Governor general Mary Simon grants viceregal patronage to Peterborough’s Canadian Canoe Museum

Reflecting reconciliation focus of Canada's first Indigenous governor general, museum is incorporating Indigenous voices in its exhibits and collection

Canada's first Indigenous governor general, Mary Simon was sworn in on July 26, 2021. (Photo: Sgt Johanie Maheu, Rideau Hall © OSGG-BSGG, 2021)
Canada's first Indigenous governor general, Mary Simon was sworn in on July 26, 2021. (Photo: Sgt Johanie Maheu, Rideau Hall © OSGG-BSGG, 2021)

Mary Simon, Canada’s first Indigenous governor general, has granted viceregal patronage to Peterborough’s Canadian Canoe Museum, the museum announced on Wednesday (August 10).

The governor general grants patronage to national organizations that demonstrate outstanding contributions to society by supporting and promoting Canadian values, diversity, inclusion, culture, and knowledge.

The Canadian Canoe Museum, which is currently constructing a new home on the waterfront at Little Lake in Peterborough, has the world’s largest collection of canoes, kayaks, and paddled watercraft.

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As part of its process to design and develop exhibits at the new facility, the museum has invited Indigenous peoples to share their stories in their own voices. The museum is reconnecting the watercraft to their Indigenous communities of origin, and has developed a collaborative relations process to work together to care for the canoes and share the cultural histories and stories held within the collection.

“We believe that, as sites of cultural and historical preservation, museums play a key role in shaping our understanding of our past and collective future,” says the museum’s executive director Carolyn Hyslop in a media release. “Indigenous peoples around the world designed, built, and used the first canoes and kayaks.”

“These vessels retain their enduring connection to Indigenous cultures across Canada and are powerful living embodiments of knowledge, languages, and beliefs. Through the collaborative relations process, we are working with communities to share these stories, perspectives, languages, and voices throughout the new exhibits and museum.”

The Canadian Canoe Museum commissioned renowned birchbark canoe builder Todd Labrador and his family to build an ocean-going Mi'kmaq canoe for the museum's collection. (Photo: Todd Labrador)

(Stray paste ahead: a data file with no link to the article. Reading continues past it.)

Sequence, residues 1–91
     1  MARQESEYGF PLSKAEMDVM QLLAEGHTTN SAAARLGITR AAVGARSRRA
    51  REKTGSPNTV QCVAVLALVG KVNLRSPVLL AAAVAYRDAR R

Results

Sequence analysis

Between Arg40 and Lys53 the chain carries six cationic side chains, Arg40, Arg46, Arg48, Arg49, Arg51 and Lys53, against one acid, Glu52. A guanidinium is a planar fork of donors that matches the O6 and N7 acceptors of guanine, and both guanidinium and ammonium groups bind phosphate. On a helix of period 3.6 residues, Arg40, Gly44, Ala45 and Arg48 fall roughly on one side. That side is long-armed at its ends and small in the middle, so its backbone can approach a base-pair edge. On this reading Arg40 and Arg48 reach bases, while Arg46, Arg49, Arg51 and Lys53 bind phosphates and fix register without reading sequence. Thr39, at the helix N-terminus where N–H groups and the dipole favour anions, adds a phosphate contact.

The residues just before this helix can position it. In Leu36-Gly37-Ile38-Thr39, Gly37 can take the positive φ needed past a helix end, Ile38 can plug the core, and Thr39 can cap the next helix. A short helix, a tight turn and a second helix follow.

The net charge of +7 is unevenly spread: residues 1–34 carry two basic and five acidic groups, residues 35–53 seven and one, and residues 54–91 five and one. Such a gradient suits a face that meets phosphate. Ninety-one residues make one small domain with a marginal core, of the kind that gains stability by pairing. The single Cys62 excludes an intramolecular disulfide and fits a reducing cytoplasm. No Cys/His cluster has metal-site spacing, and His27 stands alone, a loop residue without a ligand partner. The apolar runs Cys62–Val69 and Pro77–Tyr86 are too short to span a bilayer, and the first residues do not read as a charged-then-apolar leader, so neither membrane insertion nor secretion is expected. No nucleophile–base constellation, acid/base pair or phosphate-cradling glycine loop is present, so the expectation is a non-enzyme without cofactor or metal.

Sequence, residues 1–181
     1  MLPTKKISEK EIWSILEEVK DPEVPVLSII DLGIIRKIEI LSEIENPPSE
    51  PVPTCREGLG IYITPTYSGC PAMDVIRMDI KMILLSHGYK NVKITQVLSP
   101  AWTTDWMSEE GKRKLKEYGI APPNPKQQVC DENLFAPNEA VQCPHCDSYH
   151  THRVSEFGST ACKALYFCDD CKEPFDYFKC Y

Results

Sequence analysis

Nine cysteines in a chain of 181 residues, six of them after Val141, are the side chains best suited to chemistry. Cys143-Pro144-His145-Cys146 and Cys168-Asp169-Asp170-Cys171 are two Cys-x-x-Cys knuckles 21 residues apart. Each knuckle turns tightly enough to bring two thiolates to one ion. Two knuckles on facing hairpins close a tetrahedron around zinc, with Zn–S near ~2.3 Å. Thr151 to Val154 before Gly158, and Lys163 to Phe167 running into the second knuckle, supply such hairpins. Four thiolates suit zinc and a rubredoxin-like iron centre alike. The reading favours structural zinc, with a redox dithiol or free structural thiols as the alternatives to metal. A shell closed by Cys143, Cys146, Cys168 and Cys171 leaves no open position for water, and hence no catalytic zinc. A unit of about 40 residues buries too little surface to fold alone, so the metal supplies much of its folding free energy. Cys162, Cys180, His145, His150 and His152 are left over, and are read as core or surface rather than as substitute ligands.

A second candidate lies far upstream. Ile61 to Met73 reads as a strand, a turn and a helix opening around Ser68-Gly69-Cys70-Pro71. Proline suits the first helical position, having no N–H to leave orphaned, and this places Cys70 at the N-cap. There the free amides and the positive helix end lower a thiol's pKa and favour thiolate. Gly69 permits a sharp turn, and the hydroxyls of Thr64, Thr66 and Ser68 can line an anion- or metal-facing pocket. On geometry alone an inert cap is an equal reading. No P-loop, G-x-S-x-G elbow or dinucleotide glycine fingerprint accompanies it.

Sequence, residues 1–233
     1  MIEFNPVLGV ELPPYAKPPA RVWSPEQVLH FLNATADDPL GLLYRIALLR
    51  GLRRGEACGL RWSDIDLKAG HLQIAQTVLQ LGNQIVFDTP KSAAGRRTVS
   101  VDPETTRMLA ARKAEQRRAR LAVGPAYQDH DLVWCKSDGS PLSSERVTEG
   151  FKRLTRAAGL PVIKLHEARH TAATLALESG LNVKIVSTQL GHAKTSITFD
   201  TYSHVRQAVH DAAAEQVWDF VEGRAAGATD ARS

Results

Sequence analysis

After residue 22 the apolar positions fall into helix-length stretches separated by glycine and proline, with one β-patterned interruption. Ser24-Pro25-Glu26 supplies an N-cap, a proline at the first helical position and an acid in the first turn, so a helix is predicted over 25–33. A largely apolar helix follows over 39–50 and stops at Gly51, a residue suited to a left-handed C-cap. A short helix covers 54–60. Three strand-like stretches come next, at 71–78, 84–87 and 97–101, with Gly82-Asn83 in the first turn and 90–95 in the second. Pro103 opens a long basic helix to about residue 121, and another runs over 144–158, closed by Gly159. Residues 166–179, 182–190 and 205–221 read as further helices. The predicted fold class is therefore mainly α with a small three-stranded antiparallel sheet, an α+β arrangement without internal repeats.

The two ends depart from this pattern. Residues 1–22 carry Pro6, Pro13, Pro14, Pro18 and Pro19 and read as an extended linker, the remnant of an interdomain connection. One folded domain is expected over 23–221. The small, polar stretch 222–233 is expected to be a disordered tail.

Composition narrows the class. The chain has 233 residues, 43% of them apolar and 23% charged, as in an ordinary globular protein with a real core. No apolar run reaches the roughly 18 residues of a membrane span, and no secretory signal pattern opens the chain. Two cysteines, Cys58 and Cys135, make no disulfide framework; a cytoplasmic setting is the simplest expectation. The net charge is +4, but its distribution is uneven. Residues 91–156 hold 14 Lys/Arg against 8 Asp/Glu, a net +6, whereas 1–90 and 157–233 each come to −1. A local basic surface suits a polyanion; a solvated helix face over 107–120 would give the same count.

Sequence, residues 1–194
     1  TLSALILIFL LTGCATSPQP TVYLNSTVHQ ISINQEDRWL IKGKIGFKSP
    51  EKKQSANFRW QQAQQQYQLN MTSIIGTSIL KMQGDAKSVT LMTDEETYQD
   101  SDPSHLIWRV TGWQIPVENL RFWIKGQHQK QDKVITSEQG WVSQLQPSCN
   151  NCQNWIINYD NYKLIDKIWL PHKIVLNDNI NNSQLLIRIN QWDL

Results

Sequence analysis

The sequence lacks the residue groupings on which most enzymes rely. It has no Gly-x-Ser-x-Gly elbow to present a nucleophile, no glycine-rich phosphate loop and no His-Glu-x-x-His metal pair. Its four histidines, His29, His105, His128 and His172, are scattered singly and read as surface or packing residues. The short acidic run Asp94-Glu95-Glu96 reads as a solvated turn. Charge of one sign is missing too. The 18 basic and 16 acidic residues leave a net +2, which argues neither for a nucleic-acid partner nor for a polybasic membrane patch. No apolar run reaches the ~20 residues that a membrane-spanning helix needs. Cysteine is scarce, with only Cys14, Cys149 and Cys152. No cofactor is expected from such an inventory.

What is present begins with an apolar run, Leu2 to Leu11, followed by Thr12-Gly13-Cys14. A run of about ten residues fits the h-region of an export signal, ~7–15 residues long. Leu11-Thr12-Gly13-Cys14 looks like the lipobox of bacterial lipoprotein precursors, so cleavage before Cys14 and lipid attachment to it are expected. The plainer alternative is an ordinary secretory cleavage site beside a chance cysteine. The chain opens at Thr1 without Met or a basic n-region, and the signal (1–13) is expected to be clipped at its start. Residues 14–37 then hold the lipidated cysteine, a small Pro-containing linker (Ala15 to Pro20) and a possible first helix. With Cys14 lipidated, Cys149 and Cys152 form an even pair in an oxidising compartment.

The Canadian Canoe Museum commissioned renowned birchbark canoe builder Todd Labrador and his family to build an ocean-going Mi’kmaq canoe for the museum’s collection. (Photo: Todd Labrador)

Michi Saagiig Anishnaabemowin (the local Anishnaabemowin dialect) will be included on exterior and interior signage in the new museum, along with English and French, with additional Indigenous languages to be featured in exhibits relating to specific watercraft.

The museum has also commissioned new canoe and kayak builds from Inuit and First Nations communities and builders to fill gaps in the museum’s collection and to allow for a greater diversity of stories to be shared and to preserve and pass down traditional knowledge to younger generations.

As Canada’s first Indigenous governor general, Mary Simon has focused her efforts on reconciliation. Victoria Grant, chair of the museum’s board and a member of Temagami First Nation, says the canoe is an important part of the reconciliation process.

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“Together, we need to learn, understand, and acknowledge our shared history,” Grant states. “We can’t do that without first knowing and understanding the impact of the canoe in Canada’s story, from those very early times when the first visitors came to our shores. The Canadian Canoe Museum provides us with an opportunity to learn, to feel, to smell, and to see the canoe in its diversity and diversity and endurance.”

Viceregal patronage does not mean the governor general will be involved in the museum’s governance or its fundraising efforts, and does not guarantee the governor general’s involvement in or attendance at events held by the museum.

The new Canadian Canoe Museum is expected to open in the summer of 2023.